Understanding the impact of raising Clarrie Hall Dam

Mt Warning from Clarrie Hall Dam in the Tweed Valley.

Aquatic habitat in Doon Doon Creek and the Tweed River will be mapped over the next year by scientists from EcoLogical who are looking at how the raising of Clarrie Hall Dam may impact on fish and other aquatic species.

Scientists from EcoLogical will undertake the field research, both walking and in canoes, to map critical habitat features such as pools and riffles (rocky or shallow part with rough water) and determine the number of species within the impacted waterways and the population of each species.

The field work will be undertaken for several days every season over the next year, starting on Monday 18 June.

Property owners adjoining Doon Doon Creek and the Tweed River downstream of Clarrie Hall Dam are advised they may see a small team of scientists working on and at the water’s edge. The scientists’ schedule is:

Monday 18 June – walk Doon Doon Creek to the start of the Tweed River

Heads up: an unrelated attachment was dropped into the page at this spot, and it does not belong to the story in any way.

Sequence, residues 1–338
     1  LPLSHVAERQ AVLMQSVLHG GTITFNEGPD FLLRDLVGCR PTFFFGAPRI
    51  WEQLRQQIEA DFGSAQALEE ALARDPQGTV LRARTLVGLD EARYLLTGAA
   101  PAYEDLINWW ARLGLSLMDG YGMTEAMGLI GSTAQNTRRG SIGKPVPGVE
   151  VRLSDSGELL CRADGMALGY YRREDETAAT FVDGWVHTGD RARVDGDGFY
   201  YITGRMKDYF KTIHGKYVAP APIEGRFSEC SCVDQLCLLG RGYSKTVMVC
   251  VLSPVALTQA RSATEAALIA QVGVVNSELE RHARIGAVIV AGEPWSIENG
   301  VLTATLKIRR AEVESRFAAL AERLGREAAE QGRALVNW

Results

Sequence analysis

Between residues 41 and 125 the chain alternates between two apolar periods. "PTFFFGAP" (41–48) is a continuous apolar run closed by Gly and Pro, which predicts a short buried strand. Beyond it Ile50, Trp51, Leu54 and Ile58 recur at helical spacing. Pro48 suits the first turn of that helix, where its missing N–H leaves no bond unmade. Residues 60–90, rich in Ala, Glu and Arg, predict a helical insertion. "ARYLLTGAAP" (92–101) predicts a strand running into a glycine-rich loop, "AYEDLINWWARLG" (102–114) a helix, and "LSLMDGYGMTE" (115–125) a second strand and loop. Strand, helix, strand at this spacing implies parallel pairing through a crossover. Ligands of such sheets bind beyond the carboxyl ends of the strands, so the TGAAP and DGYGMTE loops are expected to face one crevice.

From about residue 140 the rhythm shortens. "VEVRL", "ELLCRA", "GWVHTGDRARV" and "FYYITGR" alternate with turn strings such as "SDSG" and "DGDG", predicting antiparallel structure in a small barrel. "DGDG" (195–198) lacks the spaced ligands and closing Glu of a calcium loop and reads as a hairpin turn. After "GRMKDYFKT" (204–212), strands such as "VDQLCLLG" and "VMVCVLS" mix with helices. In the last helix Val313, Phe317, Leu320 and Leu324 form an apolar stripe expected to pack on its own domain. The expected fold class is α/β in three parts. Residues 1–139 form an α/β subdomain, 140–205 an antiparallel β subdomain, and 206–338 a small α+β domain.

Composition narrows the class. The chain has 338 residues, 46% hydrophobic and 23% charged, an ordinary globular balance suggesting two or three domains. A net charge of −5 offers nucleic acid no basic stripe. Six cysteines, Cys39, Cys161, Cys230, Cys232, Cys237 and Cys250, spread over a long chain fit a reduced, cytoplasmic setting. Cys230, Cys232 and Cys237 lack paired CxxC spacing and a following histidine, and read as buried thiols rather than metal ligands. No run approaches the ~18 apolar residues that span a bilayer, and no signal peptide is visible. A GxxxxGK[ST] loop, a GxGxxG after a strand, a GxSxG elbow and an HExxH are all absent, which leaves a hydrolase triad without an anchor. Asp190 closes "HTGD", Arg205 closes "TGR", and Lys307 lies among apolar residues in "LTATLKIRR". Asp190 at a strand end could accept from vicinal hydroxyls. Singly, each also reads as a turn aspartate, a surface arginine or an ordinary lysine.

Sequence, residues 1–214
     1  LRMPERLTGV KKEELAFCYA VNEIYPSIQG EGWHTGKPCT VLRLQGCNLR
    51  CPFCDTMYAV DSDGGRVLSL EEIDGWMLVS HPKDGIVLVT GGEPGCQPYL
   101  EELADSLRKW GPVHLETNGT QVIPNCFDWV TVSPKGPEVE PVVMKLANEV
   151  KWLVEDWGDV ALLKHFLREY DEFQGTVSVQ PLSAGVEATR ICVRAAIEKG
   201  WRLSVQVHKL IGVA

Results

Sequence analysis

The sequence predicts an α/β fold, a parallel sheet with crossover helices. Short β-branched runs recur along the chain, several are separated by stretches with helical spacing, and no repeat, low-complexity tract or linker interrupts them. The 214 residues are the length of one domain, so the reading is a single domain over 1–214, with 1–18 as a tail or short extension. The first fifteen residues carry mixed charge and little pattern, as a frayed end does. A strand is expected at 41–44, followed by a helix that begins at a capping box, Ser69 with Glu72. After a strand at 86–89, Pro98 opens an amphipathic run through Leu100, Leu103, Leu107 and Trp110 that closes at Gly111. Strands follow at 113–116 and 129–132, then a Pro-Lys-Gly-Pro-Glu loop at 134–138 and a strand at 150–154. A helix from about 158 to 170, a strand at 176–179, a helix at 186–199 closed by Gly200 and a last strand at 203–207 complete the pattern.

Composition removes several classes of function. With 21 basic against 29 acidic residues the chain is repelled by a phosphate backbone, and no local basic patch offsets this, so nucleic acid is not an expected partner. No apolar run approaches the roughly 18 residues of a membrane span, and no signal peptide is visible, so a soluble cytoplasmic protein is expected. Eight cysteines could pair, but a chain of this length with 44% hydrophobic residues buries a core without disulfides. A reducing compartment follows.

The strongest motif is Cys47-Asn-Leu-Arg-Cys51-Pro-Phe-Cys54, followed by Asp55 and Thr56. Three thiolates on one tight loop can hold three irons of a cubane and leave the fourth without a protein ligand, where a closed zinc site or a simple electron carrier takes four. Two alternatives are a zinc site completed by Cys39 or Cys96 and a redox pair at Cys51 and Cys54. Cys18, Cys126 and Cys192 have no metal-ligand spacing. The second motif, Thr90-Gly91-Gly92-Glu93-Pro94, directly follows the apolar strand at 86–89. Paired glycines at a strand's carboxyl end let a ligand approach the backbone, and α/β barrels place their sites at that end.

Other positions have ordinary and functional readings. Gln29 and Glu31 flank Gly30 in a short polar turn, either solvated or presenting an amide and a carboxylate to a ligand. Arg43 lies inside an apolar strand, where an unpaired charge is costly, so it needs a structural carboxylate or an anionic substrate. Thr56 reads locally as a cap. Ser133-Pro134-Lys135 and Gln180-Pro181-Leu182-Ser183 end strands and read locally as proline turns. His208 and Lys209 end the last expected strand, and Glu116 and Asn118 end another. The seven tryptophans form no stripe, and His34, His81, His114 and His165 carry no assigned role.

Tuesday 19 June – canoe from start of Tweed River to Lange Road bridge

Wednesday 20 June – canoe from Lange Road Bridge to crossing (north of 886 Kyogle Road)

Thursday 21 June – canoe from crossing to Bray Park Weir.

The field work will continue into the night, as the scientists identify and count frog species.

From the field data collected, EcoLogical will attempt to identify measures to mitigate any impact the dam has and, if raised, will have on the aquatic environment.  It is hoped measures to improve the present aquatic environment can be found and implemented.

The methodology to be used by the EcoLogical scientists for the Clarrie Hall Dam Environmental Flows Assessment can be found in the Document Library at

The EcoLogical team also would like to learn from local knowledge about the flora and fauna in the creek, or observations of the creek. Residents with information can provide that direct to the Your Say Tweed site or by contacting them via Council on (02) 6670 2400.

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